collection
#metoo

#metoo

You are not alone. Together we can de-stigmatize speaking out about our experiences with sexual harassment, assault, and more.

  • Nikki Jones
    Published 2 years ago
    My #MeToo Story

    My #MeToo Story

    Trigger warning. Trigger warning. Trigger warning! If you are triggered by talk of rape, sexual abuse, underage drinking, underage smoking, mentions of drug use, allusions of parental abuse, victim blaming, vulgar language, etc. then do not read this story. This is your warning.
  • Grace Chamberlain
    Published 2 years ago
    I Am a Rape Victim, but I Am Not Weak

    I Am a Rape Victim, but I Am Not Weak

    Before I was perfect. I was happy about almost everything. The one thing I didn't enjoy was school. There were very few people I knew that enjoyed school, so I was still normal. I went out with my friends. We were still young though so our parents would drive us around. Galactic bowling was our favorite pastime while getting kicked out of Walmart was one of our favorite challenges.
  • Erin Colón
    Published 2 years ago
    You'll Be Okay. I Promise.

    You'll Be Okay. I Promise.

    At nineteen I began dating "him." You know. The charismatic, fun-loving, happy-go-lucky guy that makes friends with every person he meets? The one that's obnoxiously friendly yet somehow wins you over? He was that guy... until he wasn't.
  • Chelsea Kay
    Published 2 years ago
    #Metoo

    #Metoo

    I was roughly 20 years old when I got into my first serious relationship. I had been severely depressed and desperate to find someone who would love me. In my mind, I was ugly, fat, and unlovable. I turned to the only thing I knew of at the time: Craigslist personal ads. That’s where I found him—let’s call him J.
  • Edward Anderson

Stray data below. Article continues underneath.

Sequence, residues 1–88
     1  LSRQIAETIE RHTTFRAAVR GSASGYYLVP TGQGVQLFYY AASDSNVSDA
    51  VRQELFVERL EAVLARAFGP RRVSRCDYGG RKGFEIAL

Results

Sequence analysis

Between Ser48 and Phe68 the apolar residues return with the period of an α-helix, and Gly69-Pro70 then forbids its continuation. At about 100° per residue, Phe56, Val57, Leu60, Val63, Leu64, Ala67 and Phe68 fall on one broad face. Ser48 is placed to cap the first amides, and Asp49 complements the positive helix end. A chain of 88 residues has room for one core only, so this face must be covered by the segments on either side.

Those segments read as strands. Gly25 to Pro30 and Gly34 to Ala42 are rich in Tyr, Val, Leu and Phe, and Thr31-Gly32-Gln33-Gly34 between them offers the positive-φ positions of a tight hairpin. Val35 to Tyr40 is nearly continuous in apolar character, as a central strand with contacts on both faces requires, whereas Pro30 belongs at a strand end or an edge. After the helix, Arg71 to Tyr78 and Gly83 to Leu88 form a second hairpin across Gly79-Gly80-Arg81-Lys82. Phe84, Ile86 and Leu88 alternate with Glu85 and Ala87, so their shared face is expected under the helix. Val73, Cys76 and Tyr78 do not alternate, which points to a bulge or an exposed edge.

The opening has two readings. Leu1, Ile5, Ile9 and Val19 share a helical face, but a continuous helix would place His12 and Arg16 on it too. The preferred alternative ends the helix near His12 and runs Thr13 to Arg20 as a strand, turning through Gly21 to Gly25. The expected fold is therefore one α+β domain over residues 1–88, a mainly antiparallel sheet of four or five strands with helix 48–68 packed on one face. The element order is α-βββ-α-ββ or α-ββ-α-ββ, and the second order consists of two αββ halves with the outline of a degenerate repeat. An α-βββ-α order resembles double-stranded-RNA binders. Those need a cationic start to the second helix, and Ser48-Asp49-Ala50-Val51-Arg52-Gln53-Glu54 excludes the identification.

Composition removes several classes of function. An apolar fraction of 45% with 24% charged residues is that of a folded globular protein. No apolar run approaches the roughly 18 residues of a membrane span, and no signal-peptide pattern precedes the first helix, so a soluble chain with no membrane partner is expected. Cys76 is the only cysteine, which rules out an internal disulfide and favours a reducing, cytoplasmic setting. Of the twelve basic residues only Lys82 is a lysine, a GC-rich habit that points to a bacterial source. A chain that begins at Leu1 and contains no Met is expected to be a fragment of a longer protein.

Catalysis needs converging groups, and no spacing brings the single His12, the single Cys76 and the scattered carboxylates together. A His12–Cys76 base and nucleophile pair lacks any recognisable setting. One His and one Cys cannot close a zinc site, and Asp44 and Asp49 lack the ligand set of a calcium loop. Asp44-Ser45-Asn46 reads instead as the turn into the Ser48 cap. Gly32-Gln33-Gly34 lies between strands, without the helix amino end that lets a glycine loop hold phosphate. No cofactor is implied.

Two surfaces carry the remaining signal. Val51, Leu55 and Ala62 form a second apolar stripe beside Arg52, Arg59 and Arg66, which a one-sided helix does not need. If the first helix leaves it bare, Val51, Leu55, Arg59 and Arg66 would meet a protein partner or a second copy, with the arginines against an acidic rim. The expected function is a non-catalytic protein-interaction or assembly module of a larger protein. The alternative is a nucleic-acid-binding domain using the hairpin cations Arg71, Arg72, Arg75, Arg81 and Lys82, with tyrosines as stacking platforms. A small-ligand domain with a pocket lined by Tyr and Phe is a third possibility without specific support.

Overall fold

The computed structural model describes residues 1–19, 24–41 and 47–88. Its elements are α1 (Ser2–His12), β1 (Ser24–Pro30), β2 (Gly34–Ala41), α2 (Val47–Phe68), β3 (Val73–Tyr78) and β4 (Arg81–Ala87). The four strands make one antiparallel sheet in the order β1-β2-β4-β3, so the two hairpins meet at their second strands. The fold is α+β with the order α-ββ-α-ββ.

Published 2 years ago
    Me Too. Not Me.

    Me Too. Not Me.

    Just before I left for vacation, I published two of my short stories on Amazon. One is about a ghost who witnesses her own funeral and features my most popular character. The other is a tale that I should have probably written more of, but in just 1,500 words I drive home the point about what males go through when they are sexually assaulted. It was a story that started out as one concept and morphed into this piece that I am incredibly proud of. While talking about it with a few writer friends, one of them said something that struck me. She told me I should use the hashtag me too to promote the story. The sheer cynicism in that statement shook me to my core.
  • Marina Spencer
    Published 2 years ago
    Me Too

    Me Too

    Your friend, your sister, your coworker. Me too. Me too. Me too. We have all been surprised by the amount of friends, family and loved ones who have been posting, "Me too" on social media. This was started as a way to make people aware of the astonishing number of sexual assault victims there are and to give support to those who feel they are alone. I myself was shocked that so many of my dear friends have been victims of abuse and I never knew. I too have been a victim to sexual abuse as a teenager and after scrolling through my newsfeed I became all too aware that if I posted "Me too" it might also shock many of my friends and loved ones and I realized I was not ready for everyone to know about my most personal and private suffering. While I am no professional, I hope I can offer help and support in a different way to others who have suffered and are not ready to out themselves as a victim of this terrible abuse.
  • Belle Bledsoe
    Published 2 years ago
    I Am Everything

    I Am Everything

    Why do people think that rape is something that you can just forget, like it never happened? It’s a violation. It’s a reminder that your body is not your own. Your body belongs to society. You have no choices; no say in who touches you, who penetrates your very soul. You are not a person, you are a piece of meat to be consumed, a toy to be played with.
  • Maisha White
    Published 2 years ago
    #MeToo

    #MeToo

    I was 16 when I first realized that church deacons like 'em young. One night, I was an usher at a funeral for one of our deacons who had passed away. I went to the kitchen to take a breather for a moment. The church was packed with mourners, and having become close to the deacon and his family I was one of them but trying to comfort the others. It became a little too intense, and after reading the 23rd Psalm and almost breaking down, I thought I would hide for a moment until I regained composure.
  • Marianne Ryan
    Published 2 years ago
    Victims are People, Too